Do in fact policemen, like other people, come up and breathe? Yes. Do we expect it? Yes, we expect people to come up and breathe. But do we expect them to do what happened here? And at that point, I get into the question: What happened here?
Joelis Jardines's counsel could not say what made the dog unexpected.
Perhaps property law draws the line that excludes government agents with drug-sniffing dogs, while allowing other visitors to come to the door. Not so. Justice Alito in particular pressed Jardines's counsel for any case that had excluded dogs (drug-sniffing or otherwise) from the implied consent one gives to visitors on the walk and at the front door. The argument is unavailing, this idea that Florida's property law (put into play by the majority holding in Jones, which relied on property rights) solve this case. Florida property law doesn't exclude dogs from the implied permission it gives to lawful visitors on residential property.
None of this is to say that the government had it easy. Florida's counsel had uttered just three sentences when Justice Kennedy informed him that the rule from Illinois v. Caballes would not carry the day. In Caballes, the Court found there to be no search at all when government agents walked a drug-sniffing dog around a car stopped for other reasons. (I attacked what I called the "Jacobsen/Caballes corollary" to the Katz decision in the Cato Institute's brief to the Court, and also in this Jurist commentary.)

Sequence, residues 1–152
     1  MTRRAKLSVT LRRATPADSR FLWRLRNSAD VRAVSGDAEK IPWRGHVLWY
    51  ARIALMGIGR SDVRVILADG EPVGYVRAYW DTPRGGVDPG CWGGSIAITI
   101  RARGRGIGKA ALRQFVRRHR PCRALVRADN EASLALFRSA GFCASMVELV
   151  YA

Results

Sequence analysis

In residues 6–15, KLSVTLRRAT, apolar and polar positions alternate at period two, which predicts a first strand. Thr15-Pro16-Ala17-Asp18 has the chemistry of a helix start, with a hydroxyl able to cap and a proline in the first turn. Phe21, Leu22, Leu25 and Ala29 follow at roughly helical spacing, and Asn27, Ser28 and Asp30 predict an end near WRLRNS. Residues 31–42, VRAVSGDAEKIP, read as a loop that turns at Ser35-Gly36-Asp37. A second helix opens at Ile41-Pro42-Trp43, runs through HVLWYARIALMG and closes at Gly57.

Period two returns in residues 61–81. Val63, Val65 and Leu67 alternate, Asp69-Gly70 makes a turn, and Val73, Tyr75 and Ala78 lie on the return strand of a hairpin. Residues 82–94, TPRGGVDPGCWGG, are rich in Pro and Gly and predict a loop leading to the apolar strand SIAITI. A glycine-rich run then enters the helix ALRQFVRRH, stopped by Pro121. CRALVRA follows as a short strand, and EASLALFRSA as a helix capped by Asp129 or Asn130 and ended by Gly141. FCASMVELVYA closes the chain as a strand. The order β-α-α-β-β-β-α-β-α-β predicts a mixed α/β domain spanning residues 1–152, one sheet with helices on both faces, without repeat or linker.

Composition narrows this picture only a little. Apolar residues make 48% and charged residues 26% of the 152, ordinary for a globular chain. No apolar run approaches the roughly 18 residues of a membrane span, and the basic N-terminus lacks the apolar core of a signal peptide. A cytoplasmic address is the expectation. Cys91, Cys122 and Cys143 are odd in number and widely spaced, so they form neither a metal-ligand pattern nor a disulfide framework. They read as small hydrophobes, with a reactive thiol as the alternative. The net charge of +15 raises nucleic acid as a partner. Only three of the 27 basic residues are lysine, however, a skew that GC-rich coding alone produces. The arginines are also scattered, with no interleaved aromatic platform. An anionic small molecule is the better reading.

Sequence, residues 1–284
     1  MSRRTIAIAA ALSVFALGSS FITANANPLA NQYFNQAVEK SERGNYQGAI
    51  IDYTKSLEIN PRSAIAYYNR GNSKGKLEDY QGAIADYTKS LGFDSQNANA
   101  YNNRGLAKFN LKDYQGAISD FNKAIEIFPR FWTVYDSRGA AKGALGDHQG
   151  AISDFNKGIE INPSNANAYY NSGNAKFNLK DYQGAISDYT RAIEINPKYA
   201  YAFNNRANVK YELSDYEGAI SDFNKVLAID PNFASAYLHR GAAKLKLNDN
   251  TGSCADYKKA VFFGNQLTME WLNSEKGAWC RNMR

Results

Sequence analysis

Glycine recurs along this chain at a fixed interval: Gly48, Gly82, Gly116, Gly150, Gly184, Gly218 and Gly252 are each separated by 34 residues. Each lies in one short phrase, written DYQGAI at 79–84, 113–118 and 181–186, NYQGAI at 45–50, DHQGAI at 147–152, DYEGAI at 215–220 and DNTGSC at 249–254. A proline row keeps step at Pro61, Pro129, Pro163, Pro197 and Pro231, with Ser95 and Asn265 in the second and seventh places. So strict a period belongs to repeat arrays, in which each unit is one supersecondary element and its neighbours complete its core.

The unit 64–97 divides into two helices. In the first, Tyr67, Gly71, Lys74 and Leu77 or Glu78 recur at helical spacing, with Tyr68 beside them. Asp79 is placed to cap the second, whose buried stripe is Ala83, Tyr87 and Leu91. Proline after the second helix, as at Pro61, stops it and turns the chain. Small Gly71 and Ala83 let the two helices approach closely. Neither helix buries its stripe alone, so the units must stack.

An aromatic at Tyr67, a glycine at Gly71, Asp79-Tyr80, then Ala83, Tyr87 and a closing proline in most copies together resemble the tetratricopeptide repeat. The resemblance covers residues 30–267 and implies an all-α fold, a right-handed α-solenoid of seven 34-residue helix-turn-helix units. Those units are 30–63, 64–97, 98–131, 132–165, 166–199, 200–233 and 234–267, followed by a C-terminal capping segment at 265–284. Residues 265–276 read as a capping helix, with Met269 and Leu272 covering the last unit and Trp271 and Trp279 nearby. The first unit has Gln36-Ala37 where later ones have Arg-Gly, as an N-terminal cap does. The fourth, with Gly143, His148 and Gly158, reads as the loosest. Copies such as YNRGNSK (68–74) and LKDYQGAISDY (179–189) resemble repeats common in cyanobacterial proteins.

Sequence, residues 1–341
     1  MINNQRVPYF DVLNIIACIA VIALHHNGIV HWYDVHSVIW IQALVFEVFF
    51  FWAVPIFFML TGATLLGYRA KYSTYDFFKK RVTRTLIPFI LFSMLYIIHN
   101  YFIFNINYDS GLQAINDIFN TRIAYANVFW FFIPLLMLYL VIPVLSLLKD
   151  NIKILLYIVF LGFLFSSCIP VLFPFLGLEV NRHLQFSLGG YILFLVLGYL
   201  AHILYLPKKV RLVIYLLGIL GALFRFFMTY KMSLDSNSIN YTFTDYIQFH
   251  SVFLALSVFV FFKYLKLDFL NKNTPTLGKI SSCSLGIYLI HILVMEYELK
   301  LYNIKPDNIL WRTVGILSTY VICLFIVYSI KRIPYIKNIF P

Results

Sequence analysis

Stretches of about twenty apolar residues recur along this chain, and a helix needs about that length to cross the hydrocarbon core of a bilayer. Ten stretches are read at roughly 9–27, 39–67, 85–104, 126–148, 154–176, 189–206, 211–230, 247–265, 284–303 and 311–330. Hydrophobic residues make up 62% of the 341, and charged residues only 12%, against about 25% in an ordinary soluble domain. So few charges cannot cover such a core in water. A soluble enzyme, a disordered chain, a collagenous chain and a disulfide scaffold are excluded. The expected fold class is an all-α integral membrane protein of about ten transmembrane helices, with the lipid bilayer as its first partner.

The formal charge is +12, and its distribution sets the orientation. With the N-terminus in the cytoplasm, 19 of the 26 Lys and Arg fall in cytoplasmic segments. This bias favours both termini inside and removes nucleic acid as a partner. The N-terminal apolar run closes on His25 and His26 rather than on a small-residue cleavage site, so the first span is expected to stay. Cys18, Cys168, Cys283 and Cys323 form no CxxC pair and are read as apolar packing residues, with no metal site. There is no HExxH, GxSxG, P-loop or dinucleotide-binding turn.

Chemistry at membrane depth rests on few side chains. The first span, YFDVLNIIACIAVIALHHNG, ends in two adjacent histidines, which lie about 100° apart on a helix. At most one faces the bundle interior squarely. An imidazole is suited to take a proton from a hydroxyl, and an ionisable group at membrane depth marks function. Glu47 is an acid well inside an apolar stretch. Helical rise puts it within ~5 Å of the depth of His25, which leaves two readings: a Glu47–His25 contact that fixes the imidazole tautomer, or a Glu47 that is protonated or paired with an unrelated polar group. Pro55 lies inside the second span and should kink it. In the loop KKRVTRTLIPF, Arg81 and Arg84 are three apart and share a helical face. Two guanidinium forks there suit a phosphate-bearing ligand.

It won't be the rule from Caballes. So what is the rationale that decides this case?
Justice Scalia was on the scent when he reasoned with the government's counsel about what might be done with binoculars.
"As I understand the law," he said, "the police are entitled to use binoculars to look into the house if---if the residents leave the blinds open, right?"
Florida's counsel agreed.
"But if they can't see clearly enough from a distance, they're not entitled to go onto the curtilage of the house, inside the gate, and use the binoculars from that vantage point, are they?"
"They're not, Your Honor."
"Why isn't it the same thing with the dog?"
Justice Kagan knows that it is. And she used Justice Scalia's reasoning in Kyllo v. United States, the precedent that is on all fours with this case.
She recited from Kyllo: "'We think that obtaining by sense-enhancing technology any information regarding the interior of the home that could not otherwise have been obtained without physical intrusion into a constitutionally protected area constitutes a search, at least where, as here, the technology in question is not in general public use.'" And she asked Florida's counsel, "[W]hat part of that language does not apply in this case?"